I also decided that if I wasn't going to see my teacher physically, I would bring him to me by evoking him on a daily basis with the opening chant before teaching. So every morning when I step into the room I take a moment to envision myself in that magical space, I evoke the memory of the smell of the room, the sound of the people breathing, the sound of the office door opening, I see Guruji stand with his feet out to the side, his sweat towel around the waist, his hands in prayer in front of his upper chest, and the sound of his chant. I chant keeping that clear vision in the eye of my mind and heart. I teach with him at my side. I put on the sweat towel, I set up a chair just like he has, and I sit and watch the way he does. When all those things are in place I feel this presence and guidance there in the room with me, and I come to appreciate the strength of the parampara lineage in this practice. Guru shisha parampara is the way we learn. It is a passing down of knowledge that happens only when a student spends long time with full devotion close to his Guru. As Sharathji says “Guru takes us towards jnana, wisdom, the real knowledge. Guru removes ignorance and takes us to the brightness. In guru shisha parampara the student also has some responsibility.”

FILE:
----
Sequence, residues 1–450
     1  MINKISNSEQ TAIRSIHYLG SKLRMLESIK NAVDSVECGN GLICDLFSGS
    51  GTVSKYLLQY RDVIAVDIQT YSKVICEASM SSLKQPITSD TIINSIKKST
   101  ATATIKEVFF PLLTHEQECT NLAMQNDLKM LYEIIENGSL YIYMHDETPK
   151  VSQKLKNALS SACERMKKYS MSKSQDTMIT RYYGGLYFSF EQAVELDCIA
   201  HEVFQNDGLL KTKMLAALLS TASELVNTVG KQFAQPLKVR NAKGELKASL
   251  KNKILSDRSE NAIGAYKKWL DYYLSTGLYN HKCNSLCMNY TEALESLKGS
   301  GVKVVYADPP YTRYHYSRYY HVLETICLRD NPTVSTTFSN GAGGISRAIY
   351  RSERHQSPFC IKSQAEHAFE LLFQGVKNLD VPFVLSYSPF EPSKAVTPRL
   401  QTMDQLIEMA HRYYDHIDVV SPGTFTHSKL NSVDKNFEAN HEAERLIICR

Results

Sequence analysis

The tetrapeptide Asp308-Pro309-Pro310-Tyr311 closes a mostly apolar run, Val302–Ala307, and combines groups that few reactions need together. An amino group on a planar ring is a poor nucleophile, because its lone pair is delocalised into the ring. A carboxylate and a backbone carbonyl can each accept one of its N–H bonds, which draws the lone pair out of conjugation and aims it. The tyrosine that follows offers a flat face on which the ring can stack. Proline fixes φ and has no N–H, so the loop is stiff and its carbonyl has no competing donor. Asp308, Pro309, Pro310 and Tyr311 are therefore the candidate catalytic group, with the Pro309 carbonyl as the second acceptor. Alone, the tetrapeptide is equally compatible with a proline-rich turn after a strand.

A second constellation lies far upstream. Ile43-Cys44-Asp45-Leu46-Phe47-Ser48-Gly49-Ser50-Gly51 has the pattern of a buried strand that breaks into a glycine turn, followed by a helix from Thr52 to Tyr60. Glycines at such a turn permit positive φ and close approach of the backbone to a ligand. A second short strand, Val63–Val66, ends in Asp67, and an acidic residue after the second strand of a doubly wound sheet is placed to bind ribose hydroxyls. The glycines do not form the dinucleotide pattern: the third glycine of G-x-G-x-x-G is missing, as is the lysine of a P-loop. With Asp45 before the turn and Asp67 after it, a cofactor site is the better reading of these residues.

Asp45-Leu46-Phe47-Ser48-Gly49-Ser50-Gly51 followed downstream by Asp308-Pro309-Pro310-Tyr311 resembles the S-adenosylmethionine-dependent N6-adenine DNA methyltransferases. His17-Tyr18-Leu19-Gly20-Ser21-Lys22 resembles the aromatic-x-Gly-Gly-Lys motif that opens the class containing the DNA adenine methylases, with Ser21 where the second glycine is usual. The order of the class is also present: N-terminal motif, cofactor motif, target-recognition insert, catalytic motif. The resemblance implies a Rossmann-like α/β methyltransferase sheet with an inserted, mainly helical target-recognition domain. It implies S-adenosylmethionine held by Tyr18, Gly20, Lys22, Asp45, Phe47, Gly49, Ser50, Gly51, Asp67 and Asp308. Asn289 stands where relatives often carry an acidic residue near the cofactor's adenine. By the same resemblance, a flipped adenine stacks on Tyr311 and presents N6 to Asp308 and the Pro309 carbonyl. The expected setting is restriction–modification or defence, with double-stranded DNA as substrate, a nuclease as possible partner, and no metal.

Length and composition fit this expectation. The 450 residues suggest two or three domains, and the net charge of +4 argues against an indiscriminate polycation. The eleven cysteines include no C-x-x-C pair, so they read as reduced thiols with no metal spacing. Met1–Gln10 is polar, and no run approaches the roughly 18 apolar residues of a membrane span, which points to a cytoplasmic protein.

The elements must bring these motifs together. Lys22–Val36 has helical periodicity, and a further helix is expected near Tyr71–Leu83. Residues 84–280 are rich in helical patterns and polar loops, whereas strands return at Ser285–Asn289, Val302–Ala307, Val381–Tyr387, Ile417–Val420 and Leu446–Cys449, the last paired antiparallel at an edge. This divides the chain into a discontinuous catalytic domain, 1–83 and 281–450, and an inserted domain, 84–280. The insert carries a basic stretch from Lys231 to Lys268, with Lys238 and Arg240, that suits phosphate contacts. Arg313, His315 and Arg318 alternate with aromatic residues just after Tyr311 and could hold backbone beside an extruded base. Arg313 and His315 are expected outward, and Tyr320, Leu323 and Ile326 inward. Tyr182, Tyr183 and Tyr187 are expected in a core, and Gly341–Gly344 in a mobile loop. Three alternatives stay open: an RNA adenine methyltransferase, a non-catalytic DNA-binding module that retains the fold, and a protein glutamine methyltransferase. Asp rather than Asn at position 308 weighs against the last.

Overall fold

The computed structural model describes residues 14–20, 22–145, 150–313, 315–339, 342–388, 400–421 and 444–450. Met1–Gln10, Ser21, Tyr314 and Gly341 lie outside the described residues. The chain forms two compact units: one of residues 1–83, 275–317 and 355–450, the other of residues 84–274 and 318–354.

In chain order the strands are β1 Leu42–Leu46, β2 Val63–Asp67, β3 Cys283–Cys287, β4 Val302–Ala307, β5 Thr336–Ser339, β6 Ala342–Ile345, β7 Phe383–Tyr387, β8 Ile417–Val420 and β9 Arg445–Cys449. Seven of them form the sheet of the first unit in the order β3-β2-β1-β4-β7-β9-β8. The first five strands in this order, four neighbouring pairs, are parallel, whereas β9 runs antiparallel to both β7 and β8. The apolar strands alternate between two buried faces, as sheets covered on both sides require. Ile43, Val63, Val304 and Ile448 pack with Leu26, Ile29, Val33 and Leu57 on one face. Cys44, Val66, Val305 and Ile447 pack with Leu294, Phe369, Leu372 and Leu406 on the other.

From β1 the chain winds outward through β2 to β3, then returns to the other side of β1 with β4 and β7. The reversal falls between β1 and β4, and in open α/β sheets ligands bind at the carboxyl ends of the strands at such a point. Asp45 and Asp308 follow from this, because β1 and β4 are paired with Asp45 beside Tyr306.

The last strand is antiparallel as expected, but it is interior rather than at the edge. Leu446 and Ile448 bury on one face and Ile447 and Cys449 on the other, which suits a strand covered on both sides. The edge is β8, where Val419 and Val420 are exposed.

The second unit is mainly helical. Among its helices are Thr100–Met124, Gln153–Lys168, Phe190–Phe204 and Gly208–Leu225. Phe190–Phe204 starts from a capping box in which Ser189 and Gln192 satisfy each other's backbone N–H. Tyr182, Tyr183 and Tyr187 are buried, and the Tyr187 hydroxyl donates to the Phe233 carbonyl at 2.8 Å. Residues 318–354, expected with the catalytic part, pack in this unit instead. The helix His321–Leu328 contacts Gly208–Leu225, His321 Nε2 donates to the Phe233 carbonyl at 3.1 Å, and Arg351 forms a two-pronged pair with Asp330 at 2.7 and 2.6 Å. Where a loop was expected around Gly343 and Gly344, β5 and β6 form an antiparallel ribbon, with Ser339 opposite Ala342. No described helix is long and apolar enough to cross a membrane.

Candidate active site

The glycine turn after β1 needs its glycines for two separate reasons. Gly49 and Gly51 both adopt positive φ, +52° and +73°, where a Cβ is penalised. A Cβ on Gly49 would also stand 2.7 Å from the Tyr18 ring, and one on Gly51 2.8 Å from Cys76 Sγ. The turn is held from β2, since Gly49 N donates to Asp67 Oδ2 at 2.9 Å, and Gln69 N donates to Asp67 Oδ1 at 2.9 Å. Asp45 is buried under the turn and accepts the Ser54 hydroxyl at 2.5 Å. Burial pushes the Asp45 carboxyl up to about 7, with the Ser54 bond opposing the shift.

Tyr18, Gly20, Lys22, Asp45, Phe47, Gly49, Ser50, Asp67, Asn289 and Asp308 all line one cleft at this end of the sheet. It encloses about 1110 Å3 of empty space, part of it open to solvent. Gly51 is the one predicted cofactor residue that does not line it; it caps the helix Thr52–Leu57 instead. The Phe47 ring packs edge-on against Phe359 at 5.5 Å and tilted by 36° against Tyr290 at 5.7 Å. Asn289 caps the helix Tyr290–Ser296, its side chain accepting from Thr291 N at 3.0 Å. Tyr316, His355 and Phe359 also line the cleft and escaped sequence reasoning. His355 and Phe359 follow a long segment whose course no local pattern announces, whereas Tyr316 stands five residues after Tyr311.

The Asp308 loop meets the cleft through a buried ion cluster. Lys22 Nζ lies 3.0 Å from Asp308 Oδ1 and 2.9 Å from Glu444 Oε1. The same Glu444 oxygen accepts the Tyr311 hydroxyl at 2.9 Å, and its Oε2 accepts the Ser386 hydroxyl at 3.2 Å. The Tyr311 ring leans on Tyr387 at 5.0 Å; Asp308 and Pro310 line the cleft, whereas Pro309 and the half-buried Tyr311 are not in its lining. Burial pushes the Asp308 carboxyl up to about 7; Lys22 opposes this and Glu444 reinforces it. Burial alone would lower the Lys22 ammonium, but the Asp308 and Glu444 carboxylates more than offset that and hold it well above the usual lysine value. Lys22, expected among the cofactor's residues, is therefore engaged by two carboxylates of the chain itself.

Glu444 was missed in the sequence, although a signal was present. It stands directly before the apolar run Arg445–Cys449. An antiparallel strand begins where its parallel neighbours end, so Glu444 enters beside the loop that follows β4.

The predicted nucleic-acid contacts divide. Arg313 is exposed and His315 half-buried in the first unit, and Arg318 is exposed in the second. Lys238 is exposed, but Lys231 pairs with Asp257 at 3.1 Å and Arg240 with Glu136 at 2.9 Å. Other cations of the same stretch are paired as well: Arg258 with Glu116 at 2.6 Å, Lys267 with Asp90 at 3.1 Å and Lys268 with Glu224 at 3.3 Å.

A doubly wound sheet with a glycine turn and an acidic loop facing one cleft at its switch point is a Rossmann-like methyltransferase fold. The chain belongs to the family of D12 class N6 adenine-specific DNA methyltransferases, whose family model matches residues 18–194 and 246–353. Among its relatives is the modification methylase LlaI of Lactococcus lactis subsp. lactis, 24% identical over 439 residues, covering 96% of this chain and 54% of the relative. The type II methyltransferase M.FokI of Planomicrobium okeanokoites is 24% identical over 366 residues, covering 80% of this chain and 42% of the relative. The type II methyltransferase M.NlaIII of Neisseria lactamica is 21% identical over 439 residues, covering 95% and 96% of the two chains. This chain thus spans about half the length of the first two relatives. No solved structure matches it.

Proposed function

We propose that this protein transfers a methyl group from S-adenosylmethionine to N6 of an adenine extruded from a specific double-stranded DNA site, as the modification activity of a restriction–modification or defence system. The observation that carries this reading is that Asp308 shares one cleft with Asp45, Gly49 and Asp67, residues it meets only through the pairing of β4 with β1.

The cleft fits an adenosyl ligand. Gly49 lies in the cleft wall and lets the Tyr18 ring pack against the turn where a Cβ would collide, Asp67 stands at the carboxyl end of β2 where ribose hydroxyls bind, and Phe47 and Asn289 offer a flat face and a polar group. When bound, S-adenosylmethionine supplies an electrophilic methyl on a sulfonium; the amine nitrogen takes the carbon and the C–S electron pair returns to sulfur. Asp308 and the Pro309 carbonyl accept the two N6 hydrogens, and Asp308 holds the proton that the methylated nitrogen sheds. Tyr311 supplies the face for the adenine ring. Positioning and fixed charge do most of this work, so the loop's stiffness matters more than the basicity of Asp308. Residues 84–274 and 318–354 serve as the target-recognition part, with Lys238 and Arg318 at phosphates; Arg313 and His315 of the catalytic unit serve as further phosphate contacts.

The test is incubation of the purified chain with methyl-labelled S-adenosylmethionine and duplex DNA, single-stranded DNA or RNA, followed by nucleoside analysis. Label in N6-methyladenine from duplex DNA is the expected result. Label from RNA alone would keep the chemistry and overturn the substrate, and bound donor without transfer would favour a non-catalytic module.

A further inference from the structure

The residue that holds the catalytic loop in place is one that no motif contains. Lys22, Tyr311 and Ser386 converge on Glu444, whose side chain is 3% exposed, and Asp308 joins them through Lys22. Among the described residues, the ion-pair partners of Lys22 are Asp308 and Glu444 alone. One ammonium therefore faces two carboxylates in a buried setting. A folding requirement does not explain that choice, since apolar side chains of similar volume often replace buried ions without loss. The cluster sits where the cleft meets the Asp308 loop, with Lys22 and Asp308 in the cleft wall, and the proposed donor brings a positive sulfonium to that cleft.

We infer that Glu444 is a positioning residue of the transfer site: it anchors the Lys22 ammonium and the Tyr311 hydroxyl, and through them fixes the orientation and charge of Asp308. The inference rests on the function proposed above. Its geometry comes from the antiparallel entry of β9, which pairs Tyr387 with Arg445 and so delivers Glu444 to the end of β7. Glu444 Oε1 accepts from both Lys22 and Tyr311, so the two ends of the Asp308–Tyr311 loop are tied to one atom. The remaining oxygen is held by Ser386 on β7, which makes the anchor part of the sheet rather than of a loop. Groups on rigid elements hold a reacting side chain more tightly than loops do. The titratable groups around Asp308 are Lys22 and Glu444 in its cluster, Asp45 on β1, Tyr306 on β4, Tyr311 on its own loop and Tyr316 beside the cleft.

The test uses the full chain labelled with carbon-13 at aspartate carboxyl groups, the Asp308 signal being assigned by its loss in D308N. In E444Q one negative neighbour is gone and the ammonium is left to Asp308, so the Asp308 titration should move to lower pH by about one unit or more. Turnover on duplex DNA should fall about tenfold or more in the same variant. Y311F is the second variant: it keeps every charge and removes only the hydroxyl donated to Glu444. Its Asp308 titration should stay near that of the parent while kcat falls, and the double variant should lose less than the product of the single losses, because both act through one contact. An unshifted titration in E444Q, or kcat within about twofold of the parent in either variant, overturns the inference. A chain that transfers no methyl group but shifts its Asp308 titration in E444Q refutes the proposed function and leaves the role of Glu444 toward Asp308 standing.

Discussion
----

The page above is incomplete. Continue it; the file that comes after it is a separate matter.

In Mysore, you practice and deal with empty time. Guruji preaches resting, not taking too many classes, other than what is offered at the Shala. He does this because he wants us to keep a clear mind, to keep a steady dristhi. As he says, “Dristhi is to take the attention inside.” There is something really profound in not having anything to do, to be forced to face stillness and empty space. It’s scary but empowering. I miss that tremendously. No matter how hard I try to do that here, it’s impossible to not be pulled by the senses in city life. I notice my mind continuously running and grasping at the next thing to do,buy, read, cook. I miss the sound of the Muslim chants in the early hours of the morning, I miss my bucket shower, I miss complaining that I have to wash my clothes by hand and throw them to the floor fifty times to get the water out. I think about Arjuna on the battlefield, having to trust Krishna and his words. Having that deep devotion to duty.
I realize now that the things I complain about when there are the things I miss the most. The activities that take me out of my reality and that immerse me in the reality of India. I miss having endless time to watch my mind run around, and eventually finding its way to slow down. I miss the resistance and the anger that living in India sometimes can bring to surface, the challenge of letting go.
In the distance and in the not knowing, I realize the importance of relationship to Guru, and what Guru stands for. Guru is light, Guru is wisdom. Guru is removing avidya, ignorance, the ignorance that comes from mistaking the nature of the soul with that of the body. There is a deep connection that now I understand in Guruji’s (Sri K. Pattabhi Jois) students, that never dies, no matter the physical distance, and it inspires each one of us that have been touched by their light to keep the practice alive, to get up and practice, to get up and teach.